Gee, I kinda like second hand pot smoke.

  16. "Lighting organic material and sucking it into your lungs"

    so I guess smoking fresh veggies is passe ;)


    I don’t see anybody trying to outlaw automobiles for the pollution they cause…

  17. Aaron Margosis says:

    It’s not about morality or righteousness. It’s about IDIOCY. It is 2004 – there are NO EXCUSES LEFT. Smokers are not evil, just stupid (at least, the parts of their brains that continue to light and inhale operate suboptimally). The ones who smoke right next to the No Smoking signs outside the hospital. The ones who think that flicking their burning butts (out of moving cars, even) isn’t littering! Not evil – just STUPID and (often) inconsiderate.

    The tobacco companies – they are evil. Don’t be their pawns.

    It is 2004 – there are NO EXCUSES LEFT! (There haven’t been for YEARS. Duh.)

    (Can you tell I’m not in sales or marketing? :-)

  18. Lisa says:

    I hate everything about cigarettes. I hate breathing the smoke, finding ashes everywhere, and having to wash my hair after I’ve been out at night because I can’t stand to go to bed like that.

    But, I also hate morality policing, and I think we’re starting to go too far. Lately I’ve even found myself sympathizing with the smokers! (!!!)

    It’s impossible to argue that smoking is GOOD for you, which of course makes the anti-smoking lobby into Righteous Defenders of Goodness and Light. *cue violins*

    We all have some vice or another, and behavior that, ahem, isn’t always perfect. And eventually, folks, the Holier Than Thou’s will get around to telling YOU how evil you are.

    Overcorrection of a problem can be just as intrusive and off-putting as the problem was in the first place. In my non-smoker’s opinion, we eventually reached a pretty good compromise with separate smoking and non-smoking areas in most public places. I rarely confronted cigarette smoke that I couldn’t get away from. I’d be delighted if we stopped there.

  19. The argument against second hand smoke is very valid indeed – but not on health grounds, on the grounds that I don’t like smelling really bad. I moved into a smokers room a week ago, as he left, and it still smells and makes everything i own smell.

  20. Isaac Lin says:

    Before Imperial Tobacco was acquired by

    another tobacco company and subsequently shed

    its subsiduaries to focus on its core business,

    Imperial Tobacco owned a large pharmaceutical

    chain in Canada. So they had the job of helping

    people improve their health as well as smoke.

    According to a certain gold medal winning

    snowboarder (Nagano), it is possible to suffer

    from second hand marijuana smoke…

  21. <sarcasm> Oh, so we should start policing not when people do *wrong*, but when people are *stupid*. </sarcasm> How’s this for an excuse–it’s my body and I can decide if I want to smoke or not. The argument against second-hand smoke doesn’t stand up (see, or just do some cursory research on the topic for yourself).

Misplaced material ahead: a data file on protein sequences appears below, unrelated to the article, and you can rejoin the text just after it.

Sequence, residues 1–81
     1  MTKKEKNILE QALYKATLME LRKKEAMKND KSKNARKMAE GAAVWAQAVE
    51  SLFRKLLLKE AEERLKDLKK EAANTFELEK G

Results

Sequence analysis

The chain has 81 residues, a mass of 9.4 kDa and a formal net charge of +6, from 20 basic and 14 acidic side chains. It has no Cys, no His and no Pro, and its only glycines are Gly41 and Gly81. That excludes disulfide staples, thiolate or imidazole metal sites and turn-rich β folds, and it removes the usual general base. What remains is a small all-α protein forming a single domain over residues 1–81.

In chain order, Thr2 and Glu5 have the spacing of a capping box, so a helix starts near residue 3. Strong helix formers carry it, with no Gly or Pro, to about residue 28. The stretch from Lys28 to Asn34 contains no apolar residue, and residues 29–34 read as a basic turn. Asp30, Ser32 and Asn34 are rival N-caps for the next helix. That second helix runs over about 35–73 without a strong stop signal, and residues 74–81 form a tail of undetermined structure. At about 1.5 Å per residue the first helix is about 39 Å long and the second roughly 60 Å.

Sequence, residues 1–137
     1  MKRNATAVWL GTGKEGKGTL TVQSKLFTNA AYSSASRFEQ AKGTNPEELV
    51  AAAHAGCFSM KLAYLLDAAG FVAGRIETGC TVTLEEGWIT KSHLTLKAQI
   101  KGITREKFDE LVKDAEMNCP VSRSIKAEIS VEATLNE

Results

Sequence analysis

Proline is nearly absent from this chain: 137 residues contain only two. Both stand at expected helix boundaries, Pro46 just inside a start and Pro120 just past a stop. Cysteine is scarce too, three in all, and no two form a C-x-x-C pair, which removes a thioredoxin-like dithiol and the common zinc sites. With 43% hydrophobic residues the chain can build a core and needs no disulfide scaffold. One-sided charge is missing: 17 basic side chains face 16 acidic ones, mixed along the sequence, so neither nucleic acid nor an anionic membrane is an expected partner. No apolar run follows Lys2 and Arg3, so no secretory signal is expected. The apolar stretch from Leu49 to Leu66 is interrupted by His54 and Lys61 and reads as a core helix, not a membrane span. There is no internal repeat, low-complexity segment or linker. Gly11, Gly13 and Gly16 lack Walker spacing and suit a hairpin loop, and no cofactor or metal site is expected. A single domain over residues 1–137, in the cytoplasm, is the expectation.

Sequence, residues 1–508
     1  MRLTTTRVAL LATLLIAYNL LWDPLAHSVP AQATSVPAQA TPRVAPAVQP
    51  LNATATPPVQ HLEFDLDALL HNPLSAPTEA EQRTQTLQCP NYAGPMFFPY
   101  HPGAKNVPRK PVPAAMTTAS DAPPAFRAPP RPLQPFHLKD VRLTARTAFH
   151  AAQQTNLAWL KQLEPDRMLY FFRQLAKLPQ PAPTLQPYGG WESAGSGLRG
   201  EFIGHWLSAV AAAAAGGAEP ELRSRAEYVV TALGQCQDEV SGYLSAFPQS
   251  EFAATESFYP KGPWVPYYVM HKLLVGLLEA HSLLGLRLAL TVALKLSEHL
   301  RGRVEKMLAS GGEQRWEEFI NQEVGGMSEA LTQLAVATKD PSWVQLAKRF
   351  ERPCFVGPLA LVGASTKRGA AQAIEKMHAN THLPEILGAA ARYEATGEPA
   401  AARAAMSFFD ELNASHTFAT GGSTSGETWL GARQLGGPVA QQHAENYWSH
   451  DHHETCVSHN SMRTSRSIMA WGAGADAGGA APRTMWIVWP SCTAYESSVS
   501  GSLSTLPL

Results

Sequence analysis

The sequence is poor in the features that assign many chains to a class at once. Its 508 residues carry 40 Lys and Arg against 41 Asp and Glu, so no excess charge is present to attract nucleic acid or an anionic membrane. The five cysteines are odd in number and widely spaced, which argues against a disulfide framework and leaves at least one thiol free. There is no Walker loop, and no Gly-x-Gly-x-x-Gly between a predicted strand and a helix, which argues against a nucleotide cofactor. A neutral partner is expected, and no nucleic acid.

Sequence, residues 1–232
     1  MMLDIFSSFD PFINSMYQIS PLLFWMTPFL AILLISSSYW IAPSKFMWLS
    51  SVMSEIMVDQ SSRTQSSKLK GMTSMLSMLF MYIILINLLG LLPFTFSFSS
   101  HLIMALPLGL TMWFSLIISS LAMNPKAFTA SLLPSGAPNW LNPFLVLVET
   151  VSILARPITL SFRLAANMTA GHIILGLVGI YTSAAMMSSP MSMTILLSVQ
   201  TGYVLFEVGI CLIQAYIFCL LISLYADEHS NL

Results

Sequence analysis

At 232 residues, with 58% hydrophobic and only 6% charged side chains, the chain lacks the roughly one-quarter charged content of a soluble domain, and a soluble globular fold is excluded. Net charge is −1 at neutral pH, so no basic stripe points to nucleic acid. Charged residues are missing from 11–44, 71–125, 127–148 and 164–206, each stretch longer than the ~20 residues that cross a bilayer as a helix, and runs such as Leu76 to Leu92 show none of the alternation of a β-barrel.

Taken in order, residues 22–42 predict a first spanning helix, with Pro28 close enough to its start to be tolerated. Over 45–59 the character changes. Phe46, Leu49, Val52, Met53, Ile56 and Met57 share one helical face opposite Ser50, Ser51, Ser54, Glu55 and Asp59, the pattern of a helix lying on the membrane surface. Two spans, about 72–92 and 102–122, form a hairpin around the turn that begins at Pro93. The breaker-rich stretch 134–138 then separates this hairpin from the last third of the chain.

22. Zachary Turner says:

    This reminds me of when the WWF (World Wrestling Federation) was forced by law to change it’s name, since it conflicted with the existing WWF (World Wildlife Foundation). Obviously these two companies were in entirely different lines of business, so why was it not okay in this case? I think Altria HealthCare could make an easy case against Philip Morris in saying that the name change was specifically designed to make people associate cigarettes with being healthy.

  23. Anonymous Coward says:

    Knock, knock.

    Who’s there?


    Fuck who?

    No, "fuck whom?"

  24. nexus says:

    …completely random, but very funny

    For me, the issue has never been that smoking is bad for you, or that tobacco companies are "evil" I really could care less either way because I don’t smoke.

    BUT I do have to put up with "secondhand" smoke and I agree with all laws that restrict people from smoking in public places. And I honestly don’t care if they prove or disprove negative health effects of secondhand smoke. I agree with Neil, it stinks, makes me stink and I really hate it.

    If I CHOOSE to go into a bar or a "smoking area" well then I should suffer the effects (which is why I disagree with my city banning smoking in bars). In public areas, it should be illegal to smoke.

  25. nexus says:

    And the "problem" I have with tobacco companies is the fact that, for all intents and purposes, they sell an unregulated addictive product.

    The health effects of cigarettes a smoker suffers should be considered their own problem. However, many are physically incapable of quitting. In that situation I think there is a very legitimate argument.

    If I start selling my nicotine potato chips – NicoChips – and people are physically compelled to buy and eat them, do I have no responsibility if they suffer negatively because of that? Shouldn’t I be regulated or outlawed? Is it right/moral/ethical?

    For the record, that’s where I stand.

  26. Aaron Margosis says:

    Chris McK – I didn’t say anything about "policing" or laws or public policy in my post. I merely indulged in name-calling. <raspberry/>

  27. Dave says:

    NicoChips – hahaha




    but paying oodles of $$ for nicotine-laced chewing gum isn’t going to lure kids because, er, kids hate gum.

    Won’t somebody please think of the children?

  28. Ben Hutchings says:

    Nicotine isn’t carcinogenic, and isn’t inherently smelly. I’d much prefer that the nicotine addicts got their fixes from water or chips than from cigarettes.